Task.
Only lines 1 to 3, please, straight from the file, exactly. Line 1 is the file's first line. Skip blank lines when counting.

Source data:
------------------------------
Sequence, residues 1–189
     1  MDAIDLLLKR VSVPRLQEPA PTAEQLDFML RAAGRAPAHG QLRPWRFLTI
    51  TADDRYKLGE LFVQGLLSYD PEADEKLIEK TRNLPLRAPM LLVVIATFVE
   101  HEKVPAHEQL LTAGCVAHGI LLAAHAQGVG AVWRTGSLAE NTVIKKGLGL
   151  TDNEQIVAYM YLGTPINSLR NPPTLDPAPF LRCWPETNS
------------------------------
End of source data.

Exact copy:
Sequence, residues 1–189
     1  MDAIDLLLKR VSVPRLQEPA PTAEQLDFML RAAGRAPAHG QLRPWRFLTI
    51  TADDRYKLGE LFVQGLLSYD PEADEKLIEK TRNLPLRAPM LLVVIATFVE